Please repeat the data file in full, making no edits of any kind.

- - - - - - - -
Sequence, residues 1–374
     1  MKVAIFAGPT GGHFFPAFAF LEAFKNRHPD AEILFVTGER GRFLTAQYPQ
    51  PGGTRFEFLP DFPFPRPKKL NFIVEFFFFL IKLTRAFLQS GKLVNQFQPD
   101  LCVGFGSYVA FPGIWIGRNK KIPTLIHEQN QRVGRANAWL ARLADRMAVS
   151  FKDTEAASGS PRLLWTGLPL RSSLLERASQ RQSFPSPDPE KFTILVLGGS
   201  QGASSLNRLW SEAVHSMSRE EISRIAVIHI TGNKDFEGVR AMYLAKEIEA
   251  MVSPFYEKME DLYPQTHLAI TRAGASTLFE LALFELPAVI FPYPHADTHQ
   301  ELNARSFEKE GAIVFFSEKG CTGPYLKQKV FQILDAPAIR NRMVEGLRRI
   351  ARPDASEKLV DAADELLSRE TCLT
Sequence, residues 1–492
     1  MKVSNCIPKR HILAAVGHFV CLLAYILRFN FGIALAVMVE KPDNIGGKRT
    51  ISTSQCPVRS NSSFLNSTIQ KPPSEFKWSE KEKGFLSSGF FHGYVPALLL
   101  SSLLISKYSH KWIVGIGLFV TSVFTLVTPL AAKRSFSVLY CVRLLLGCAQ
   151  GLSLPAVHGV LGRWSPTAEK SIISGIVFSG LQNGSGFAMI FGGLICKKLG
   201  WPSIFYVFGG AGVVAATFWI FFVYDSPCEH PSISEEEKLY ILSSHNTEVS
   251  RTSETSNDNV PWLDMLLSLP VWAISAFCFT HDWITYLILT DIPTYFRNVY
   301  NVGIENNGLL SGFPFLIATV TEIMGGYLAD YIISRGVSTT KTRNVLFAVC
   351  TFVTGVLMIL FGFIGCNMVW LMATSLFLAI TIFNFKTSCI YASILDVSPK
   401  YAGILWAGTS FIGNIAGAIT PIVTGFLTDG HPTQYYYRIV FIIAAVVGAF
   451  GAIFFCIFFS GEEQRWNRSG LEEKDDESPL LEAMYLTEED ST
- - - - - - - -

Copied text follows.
Sequence, residues 1–374
     1  MKVAIFAGPT GGHFFPAFAF LEAFKNRHPD AEILFVTGER GRFLTAQYPQ
    51  PGGTRFEFLP DFPFPRPKKL NFIVEFFFFL IKLTRAFLQS GKLVNQFQPD
   101  LCVGFGSYVA FPGIWIGRNK KIPTLIHEQN QRVGRANAWL ARLADRMAVS
   151  FKDTEAASGS PRLLWTGLPL RSSLLERASQ RQSFPSPDPE KFTILVLGGS
   201  QGASSLNRLW SEAVHSMSRE EISRIAVIHI TGNKDFEGVR AMYLAKEIEA
   251  MVSPFYEKME DLYPQTHLAI TRAGASTLFE LALFELPAVI FPYPHADTHQ
   301  ELNARSFEKE GAIVFFSEKG CTGPYLKQKV FQILDAPAIR NRMVEGLRRI
   351  ARPDASEKLV DAADELLSRE TCLT
Sequence, residues 1–492
     1  MKVSNCIPKR HILAAVGHFV CLLAYILRFN FGIALAVMVE KPDNIGGKRT
    51  ISTSQCPVRS NSSFLNSTIQ KPPSEFKWSE KEKGFLSSGF FHGYVPALLL
   101  SSLLISKYSH KWIVGIGLFV TSVFTLVTPL AAKRSFSVLY CVRLLLGCAQ
   151  GLSLPAVHGV LGRWSPTAEK SIISGIVFSG LQNGSGFAMI FGGLICKKLG
   201  WPSIFYVFGG AGVVAATFWI FFVYDSPCEH PSISEEEKLY ILSSHNTEVS
   251  RTSETSNDNV PWLDMLLSLP VWAISAFCFT HDWITYLILT DIPTYFRNVY
   301  NVGIENNGLL SGFPFLIATV TEIMGGYLAD YIISRGVSTT KTRNVLFAVC
   351  TFVTGVLMIL FGFIGCNMVW LMATSLFLAI TIFNFKTSCI YASILDVSPK
   401  YAGILWAGTS FIGNIAGAIT PIVTGFLTDG HPTQYYYRIV FIIAAVVGAF
   451  GAIFFCIFFS GEEQRWNRSG LEEKDDESPL LEAMYLTEED ST